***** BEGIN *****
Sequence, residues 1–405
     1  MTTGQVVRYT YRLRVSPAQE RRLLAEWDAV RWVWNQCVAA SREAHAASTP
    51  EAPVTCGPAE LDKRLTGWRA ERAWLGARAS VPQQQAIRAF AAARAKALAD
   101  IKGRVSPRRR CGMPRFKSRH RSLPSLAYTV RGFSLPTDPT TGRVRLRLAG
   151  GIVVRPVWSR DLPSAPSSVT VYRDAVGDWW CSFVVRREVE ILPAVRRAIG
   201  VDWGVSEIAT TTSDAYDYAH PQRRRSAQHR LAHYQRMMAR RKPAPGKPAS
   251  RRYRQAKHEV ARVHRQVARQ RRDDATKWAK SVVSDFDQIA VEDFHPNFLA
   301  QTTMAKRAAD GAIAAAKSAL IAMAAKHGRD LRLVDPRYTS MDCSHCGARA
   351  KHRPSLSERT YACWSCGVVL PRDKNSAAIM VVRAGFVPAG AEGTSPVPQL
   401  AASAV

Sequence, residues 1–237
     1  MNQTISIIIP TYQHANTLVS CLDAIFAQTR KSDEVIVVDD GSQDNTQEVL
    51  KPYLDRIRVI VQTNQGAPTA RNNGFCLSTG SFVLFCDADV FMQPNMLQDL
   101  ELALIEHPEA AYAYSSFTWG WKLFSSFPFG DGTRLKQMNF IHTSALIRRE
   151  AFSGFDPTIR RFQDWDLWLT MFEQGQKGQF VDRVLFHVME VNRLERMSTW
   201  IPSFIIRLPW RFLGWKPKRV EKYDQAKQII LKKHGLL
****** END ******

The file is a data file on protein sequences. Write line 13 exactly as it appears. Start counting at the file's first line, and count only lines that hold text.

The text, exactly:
    51  KPYLDRIRVI VQTNQGAPTA RNNGFCLSTG SFVLFCDADV FMQPNMLQDL